Google agreed to a $391.5 million dollar settlement on Monday to end a lawsuit accusing the tech giant of tricking users with location data privacy settings that didn’t actually turn off data collection. The payout, the result of a suit brought by 40 state attorneys general, marks one of the biggest privacy settlements in history. Google also promised to make additional changes to clarify its location tracking practices next year.“For years Google has prioritized profit over their users’ privacy,” said Ellen Rosenblum, Oregon’s attorney general who co-lead the case, in a press release. “They have been crafty and deceptive. Consumers thought they had turned off their location tracking features on Google, but the company continued to secretly record their movements and used that information for advertisers.”
Despite waves of legal and media attention, Google’s location settings are still confusing, according to experts in interface design. The fine print makes it clear that you need to change multiple settings if you don’t want Google collecting data about everywhere you go, but you have to read carefully. It remains to be seen how clearly the changes the company promised in the settlement will communicate its data practices.
A software company whose code is used in thousands of widely downloaded American apps has been pretending to be based in the U.S. when, in reality, it operates out of Russia, new reporting from Reuters shows. The company, Pushwoosh, used fake street addresses and even fake employee profiles on LinkedIn to create the illusion that it was headquartered in the U.S., according to the recent investigation, but the firm actually calls a remote city in Siberia home.Reuters reports that, in both regulatory filings and on social media, Pushwoosh has consistently advertised itself as being based in the U.S. The firm provides contract support and software to a broad array of organizations, including “international companies, influential non-profits and government agencies,” the outlet reports. Pushwoosh’s code is used in at least eight thousand different apps currently available on the Google Play and Apple store.
In its marketing materials and on its website the company also listed a number of physical addresses based in the U.S. that Reuters says aren’t actually connected to the company. Reporters traveled to one of the addresses and found that it was the residence of a friend of Konev’s; the friend told the reporters that he had “nothing to do with Pushwoosh and had only agreed to allow Konev to use his address to receive mail.” The other address, which was said to be the firm’s “principal place of business” from 2014 to 2016, was for a residence in a California Bay Area town that local officials say doesn’t actually exist.
Wired: “Eugen Rochko looks exhausted. The 29-year-old German programmer is the founder of Mastodon, a distributed alternative to Twitter that has exploded in popularity in recent weeks as Elon Musk’s ownership of the platform has rained chaos on its users. Rochko began developing Mastodon shortly after leaving university in 2016. He was a fan of Twitter but wanted to create a platform not controlled by any single company or person, reasoning that online communication is too important to be at the whim of commercial interests or CEOs. He believed that the lack of profit motive and canny design could discourage harassment and abuse, and provide users more control. Instead of creating a single unified platform, the Mastodon protocol allows anyone to use open-source software to boot up a server that hosts a Twitter-style community with its own rules. Together those servers form a collective of interlinked communities dubbed the “Fediverse.” …WIRED Topics:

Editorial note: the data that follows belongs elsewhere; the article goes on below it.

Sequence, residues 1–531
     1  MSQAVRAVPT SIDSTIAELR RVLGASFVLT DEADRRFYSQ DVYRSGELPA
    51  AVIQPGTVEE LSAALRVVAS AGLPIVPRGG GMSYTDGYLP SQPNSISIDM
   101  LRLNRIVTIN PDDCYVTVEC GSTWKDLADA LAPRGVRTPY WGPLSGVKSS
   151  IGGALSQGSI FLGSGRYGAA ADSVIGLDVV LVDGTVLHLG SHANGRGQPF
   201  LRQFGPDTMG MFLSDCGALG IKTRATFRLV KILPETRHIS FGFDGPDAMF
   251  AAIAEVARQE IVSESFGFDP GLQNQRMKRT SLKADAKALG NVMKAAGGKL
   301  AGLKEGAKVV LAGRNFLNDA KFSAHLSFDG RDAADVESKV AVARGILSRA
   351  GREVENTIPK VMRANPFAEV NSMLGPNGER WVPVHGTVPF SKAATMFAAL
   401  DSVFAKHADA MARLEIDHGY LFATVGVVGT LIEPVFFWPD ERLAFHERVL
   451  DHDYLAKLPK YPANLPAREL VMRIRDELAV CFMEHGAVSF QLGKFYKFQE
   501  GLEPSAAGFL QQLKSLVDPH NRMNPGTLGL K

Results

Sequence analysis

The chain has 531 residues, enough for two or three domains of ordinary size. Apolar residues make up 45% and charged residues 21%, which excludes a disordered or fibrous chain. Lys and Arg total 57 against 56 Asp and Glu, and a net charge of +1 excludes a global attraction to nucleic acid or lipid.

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Nov. 16 (UPI) — British MI5 Director General Ken McCallum delivered a sober annual threat assessment in London Wednesday, underscoring a broad variety of national security threats from Russia’s Ukraine invasion to China’s growing power, Iranian instability and transnational terrorism.McCallum said in a speech that the British intelligence service MI5 is making “the biggest shifts in a generation” in dealing with complex threats posed by nation-states.
Source: U.S. GAO
Zero trust architecture (ZTA) is a cybersecurity approach that authenticates and authorizes every interaction between a network and a user or device—in contrast to traditional cybersecurity models that allow users or devices to move freely within the network once they are granted access. ZTA works on the “never trust, always verify” principle and assumes that attacks will come from within and outside of the network. ZTA could provide better protection of an organization’s data and systems, but it may be difficult to implement because there is no widely accepted definition of what a fully functional ZTA looks like in practice.
IT systems are vital to the functioning of the federal government, critical infrastructure, and the economy. As IT systems become larger and more complex, they have become more susceptible to cyberattacks. Zero trust architecture is a cybersecurity approach that assumes breaches will occur and uses risk-based access controls to limit the damage from an attack.